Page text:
We were astonished when Dizzy the Unicorn paid a visit to Britex! Dizzy’s namesake is the notorious dandy, Queens’ consultant, and Carroll’s Through the Looking Glass inhabitant, Benjamin Disraeli. Unfortunately, Britex Fabrics was plum out of plum-cake when they stopped by, and Dizzy neglected to bring any. Dizzy’s splendid attire was made by Mr. Silver, Beach Blanket Babylon’s Mad Hatter. We loved the wee rhinestone twinkle in Dizzy’s eye! Mr. Silver and Dizzy had spent a taxing day in downtown San Francisco, and informed us that “all the girls like unicorns.” Judging by the clamoring fans, that appears to be true! We’re pleased to report that Dizzy was clothed by Britex Fabrics!
“The Lion and the Unicorn were fighting for the crown:
The Lion beat the Unicorn all round the town.
Some gave them white bread, some gave them brown;
Some gave them plum-cake and drummed them out of town.”
Nikita emailed us photos from her latest sewing projects sewn of fabrics that she bought in Britex Fabrics’ online store. She says, “Not too long ago I placed an online order for different fabrics; one was the silk/cotton guest blogger pick, and the others were the midweight spicy mustard cotton fabric, and the lightweight white double weave cotton knit. Here are some photos of the finished clothes, thanks for stocking such lovely fabrics!” We love the way Nikita worked with the large rose print in her silk blend top and skirt, developing a graceful flow of blossoms from her shoulders, traveling through the bodice, and continuing in the skirt…and the ruching on the tee-shirt adds a flattering fillip to the plain white knit top!
Every year, for as long as any of us can recall, Britex has a staff Halloween costume contest that is off-the-wall. We invite our customers to be judges of creativity and sewing skill by casting their vote for best costume. This year, Natalie was the winner with her Magpie costume. Jeanette, as a Fairy Ice Queen, took second place.
Get ready to be amazed by the other contestants, which run the gamut from absolutely hilarious to awesomely witty. Join us next year and judge for yourself. Click here to read more »
Karen from the sewing blog Fifty Dresses, made this adorable blanket for her old-fashioned wooden trundle bed, and a matching rick-rack trimmed doll’s blanket from rose and cream checked wool from Britex Fabrics. She says she was captivated by this “friendly jacquard-woven deer, set amongst the bold pink checks, with that subtle gold woolen thread traversing its expanse, seemed to be a blend of Tyrolean style, buffalo checks, and frontier whimsy!” FYI: this limited stock imported checked woolen fabric is available online and in our San Francisco store. It is on sale online at 20% off until October 31st.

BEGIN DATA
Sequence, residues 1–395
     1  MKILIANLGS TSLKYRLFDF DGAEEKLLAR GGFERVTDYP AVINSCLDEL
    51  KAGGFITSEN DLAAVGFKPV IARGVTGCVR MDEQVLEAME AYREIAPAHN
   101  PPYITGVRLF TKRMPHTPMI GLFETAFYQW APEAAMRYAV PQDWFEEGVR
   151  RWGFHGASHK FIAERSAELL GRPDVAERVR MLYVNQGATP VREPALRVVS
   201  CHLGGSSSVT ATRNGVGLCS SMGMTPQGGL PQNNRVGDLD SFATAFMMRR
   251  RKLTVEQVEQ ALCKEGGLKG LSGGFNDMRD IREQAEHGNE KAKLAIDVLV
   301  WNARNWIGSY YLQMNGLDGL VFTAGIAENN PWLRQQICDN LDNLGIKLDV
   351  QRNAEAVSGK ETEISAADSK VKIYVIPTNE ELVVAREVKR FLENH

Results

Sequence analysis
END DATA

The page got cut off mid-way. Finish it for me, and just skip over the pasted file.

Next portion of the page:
“Wynken and Blynken are two little eyes,
And Nod is a little head,
And the wooden shoe that sailed the skies
Is a wee one’s trundle-bed.
So shut your eyes while mother sings
Of wonderful sights that be,
And you shall see the beautiful things
As you rock in the misty sea,
Where the old shoe rocked the fishermen three:
Wynken, Blynken, and Nod.” (Eugene Field)
With the chill of Fall settling on the Bay Area, a new jacket was definitely in order. With the classic double-breasted Anise pattern by Colette in mind, I selected this incredible Rose Madder and Plum Tweed Wool fabric from Britex. I loved the striking color and texture of the fabric and it seemed both modern and classic at the same time. Click here to read more »
With this project, I decided to venture into a different color palette and try out a fabric with some subtle jewel tones—brilliant blue, emerald green, and purple. I was mostly drawn to the metallic characteristics of this French floral novelty blend (I particularly love working with metallic brocades for my dress designs), but I knew this polyester, acetate, and metallic combo was going to be a challenge. I knew two things going into this. First, serging was a must. This fabric has an incredibly soft, wool-like hand to it—super luxurious feeling—but it also has a tendency to fray given its loose weave. Second, I would definitely need to line the dress for breathability, and also to keep the loose threads from snagging. Click here to read more »